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    Senior Member catherine's Avatar
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    I have had such peace of mind living on a rural island in Vermont. My kids have peace of mind knowing their parents are on a rural island in Vermont. The bonus is Burlington is only 30 minutes away so we don't that we're in the middle of nowhere.

    We spent 35 years raising our kids in a NYC metro area bedroom community in New Jersey. It was very convenient to almost everything. It was kind of like small town living, but you knew you were near NY--New Jersey is the most densely populated state in the country, and the traffic proved it.

    It worked for us then. Would I have chosen to raise them where I live now? I don't think so. Our first house was in a one horse town in Dutchess County, NY (Stormville). It was a nightmare getting people to work, school, soccer practice, train stations, shopping malls, church, light meals out. Moving to the Princeton NJ area was like waking up from a bad dream.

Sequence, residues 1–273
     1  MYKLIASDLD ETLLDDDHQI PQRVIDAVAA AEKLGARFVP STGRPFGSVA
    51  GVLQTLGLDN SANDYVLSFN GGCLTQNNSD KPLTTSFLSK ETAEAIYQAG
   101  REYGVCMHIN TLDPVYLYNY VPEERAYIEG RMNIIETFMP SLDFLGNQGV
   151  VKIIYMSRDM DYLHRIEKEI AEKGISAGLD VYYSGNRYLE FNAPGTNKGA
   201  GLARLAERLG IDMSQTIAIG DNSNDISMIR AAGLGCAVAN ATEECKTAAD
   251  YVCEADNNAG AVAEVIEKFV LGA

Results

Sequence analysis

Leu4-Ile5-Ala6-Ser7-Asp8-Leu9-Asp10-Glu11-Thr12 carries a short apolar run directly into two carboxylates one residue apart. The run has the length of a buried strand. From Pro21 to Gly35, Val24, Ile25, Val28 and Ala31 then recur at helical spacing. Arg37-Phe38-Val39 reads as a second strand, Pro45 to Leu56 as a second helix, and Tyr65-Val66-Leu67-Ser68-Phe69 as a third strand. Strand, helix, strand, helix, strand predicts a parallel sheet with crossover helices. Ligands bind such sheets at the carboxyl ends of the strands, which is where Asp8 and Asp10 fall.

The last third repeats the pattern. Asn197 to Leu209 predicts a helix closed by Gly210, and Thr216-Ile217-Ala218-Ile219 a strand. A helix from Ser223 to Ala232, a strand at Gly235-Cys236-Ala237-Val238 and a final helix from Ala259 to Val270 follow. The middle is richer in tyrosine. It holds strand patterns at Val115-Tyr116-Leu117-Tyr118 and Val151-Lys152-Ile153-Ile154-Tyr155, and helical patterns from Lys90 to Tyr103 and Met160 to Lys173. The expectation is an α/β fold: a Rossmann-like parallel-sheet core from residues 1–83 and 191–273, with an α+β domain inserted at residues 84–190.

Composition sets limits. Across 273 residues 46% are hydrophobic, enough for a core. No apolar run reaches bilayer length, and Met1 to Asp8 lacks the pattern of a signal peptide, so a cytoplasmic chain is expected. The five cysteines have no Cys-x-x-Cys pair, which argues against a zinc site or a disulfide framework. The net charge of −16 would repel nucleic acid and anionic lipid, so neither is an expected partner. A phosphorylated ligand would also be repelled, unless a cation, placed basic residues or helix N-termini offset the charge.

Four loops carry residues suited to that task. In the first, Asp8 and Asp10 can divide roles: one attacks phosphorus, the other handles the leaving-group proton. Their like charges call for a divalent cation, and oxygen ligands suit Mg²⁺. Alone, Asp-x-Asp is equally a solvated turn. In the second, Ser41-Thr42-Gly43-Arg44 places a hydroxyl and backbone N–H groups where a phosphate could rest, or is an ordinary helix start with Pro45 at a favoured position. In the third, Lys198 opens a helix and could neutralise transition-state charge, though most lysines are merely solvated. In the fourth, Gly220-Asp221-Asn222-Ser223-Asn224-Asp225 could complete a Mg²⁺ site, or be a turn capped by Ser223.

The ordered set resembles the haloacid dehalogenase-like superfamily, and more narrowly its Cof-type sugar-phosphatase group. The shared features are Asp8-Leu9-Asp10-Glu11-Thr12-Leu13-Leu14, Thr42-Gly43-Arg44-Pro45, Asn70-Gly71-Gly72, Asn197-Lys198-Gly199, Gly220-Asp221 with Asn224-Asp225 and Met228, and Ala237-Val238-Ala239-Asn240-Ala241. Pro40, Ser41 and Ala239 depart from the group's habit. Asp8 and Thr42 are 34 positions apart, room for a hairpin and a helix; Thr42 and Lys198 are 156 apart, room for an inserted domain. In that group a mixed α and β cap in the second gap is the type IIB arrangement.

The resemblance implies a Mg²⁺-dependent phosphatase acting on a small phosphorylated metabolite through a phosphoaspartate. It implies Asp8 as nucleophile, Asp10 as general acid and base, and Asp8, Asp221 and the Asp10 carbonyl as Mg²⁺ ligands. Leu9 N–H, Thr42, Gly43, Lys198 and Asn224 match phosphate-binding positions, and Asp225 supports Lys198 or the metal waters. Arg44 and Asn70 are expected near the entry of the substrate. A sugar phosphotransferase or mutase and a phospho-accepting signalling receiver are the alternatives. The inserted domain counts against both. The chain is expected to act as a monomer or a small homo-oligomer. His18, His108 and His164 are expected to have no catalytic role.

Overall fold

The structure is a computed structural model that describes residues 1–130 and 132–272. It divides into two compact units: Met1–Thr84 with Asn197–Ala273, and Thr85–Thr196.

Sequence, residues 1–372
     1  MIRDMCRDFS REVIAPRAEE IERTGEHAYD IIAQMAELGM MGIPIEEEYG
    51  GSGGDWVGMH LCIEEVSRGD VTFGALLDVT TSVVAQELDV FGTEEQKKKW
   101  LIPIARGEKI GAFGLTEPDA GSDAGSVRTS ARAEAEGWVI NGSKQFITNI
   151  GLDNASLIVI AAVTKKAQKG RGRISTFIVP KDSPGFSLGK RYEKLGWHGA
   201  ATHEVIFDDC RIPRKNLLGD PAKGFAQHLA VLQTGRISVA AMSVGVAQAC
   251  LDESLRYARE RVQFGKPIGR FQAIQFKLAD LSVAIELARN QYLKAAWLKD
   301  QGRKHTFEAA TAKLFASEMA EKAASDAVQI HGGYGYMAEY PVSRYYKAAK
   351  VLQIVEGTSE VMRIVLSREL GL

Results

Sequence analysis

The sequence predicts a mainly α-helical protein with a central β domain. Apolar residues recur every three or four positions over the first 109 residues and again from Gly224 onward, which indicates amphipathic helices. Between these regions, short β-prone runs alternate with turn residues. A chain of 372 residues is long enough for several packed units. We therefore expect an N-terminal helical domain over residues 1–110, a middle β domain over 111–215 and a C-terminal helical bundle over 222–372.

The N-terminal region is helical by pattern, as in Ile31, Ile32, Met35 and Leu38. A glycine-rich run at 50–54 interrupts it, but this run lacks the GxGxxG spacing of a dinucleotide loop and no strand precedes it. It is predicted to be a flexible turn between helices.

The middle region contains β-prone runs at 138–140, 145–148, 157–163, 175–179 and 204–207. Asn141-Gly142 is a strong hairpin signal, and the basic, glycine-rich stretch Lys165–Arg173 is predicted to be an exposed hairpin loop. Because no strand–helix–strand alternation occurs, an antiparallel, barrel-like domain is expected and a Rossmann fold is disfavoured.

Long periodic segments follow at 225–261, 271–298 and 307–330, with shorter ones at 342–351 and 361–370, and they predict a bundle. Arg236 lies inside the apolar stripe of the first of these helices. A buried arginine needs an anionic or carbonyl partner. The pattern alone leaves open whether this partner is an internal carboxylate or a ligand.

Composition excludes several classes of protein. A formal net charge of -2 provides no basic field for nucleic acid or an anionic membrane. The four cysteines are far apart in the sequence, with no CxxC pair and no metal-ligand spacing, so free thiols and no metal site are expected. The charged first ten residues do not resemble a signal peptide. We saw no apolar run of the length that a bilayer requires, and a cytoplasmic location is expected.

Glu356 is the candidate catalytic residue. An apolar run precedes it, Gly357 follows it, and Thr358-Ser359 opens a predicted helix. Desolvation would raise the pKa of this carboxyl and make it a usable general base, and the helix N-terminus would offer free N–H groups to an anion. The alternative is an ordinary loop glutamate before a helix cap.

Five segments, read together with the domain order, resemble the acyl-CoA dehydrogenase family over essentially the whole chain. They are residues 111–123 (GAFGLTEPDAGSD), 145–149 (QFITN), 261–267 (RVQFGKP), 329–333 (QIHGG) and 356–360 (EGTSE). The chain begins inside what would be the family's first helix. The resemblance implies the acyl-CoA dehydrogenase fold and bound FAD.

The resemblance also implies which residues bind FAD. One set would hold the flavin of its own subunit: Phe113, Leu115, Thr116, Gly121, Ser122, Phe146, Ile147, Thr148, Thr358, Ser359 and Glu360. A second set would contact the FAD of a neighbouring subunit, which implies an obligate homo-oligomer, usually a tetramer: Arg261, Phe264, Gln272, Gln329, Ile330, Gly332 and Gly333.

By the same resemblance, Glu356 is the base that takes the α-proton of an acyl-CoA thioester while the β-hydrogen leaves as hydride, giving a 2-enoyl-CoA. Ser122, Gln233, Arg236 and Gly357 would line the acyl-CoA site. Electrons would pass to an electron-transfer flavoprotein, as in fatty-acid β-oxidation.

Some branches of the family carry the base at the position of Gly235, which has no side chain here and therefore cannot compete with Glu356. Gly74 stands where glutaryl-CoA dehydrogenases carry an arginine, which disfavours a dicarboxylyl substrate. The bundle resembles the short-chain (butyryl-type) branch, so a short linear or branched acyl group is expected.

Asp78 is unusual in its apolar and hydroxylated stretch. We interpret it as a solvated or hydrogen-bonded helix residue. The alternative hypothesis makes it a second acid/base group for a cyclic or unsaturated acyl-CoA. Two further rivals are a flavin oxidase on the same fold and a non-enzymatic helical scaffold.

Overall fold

"Do any human beings ever realize life while they live it--every, every minute?" Emily Webb, Our Town
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    Senior Member bae's Avatar
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    I think that it is handy to not be completely-back-of-beyond rural, but at the very least near a small village with access to some services and social activities. Ideally the small village would be within a reasonable range of a small city such as LDAHL mentions.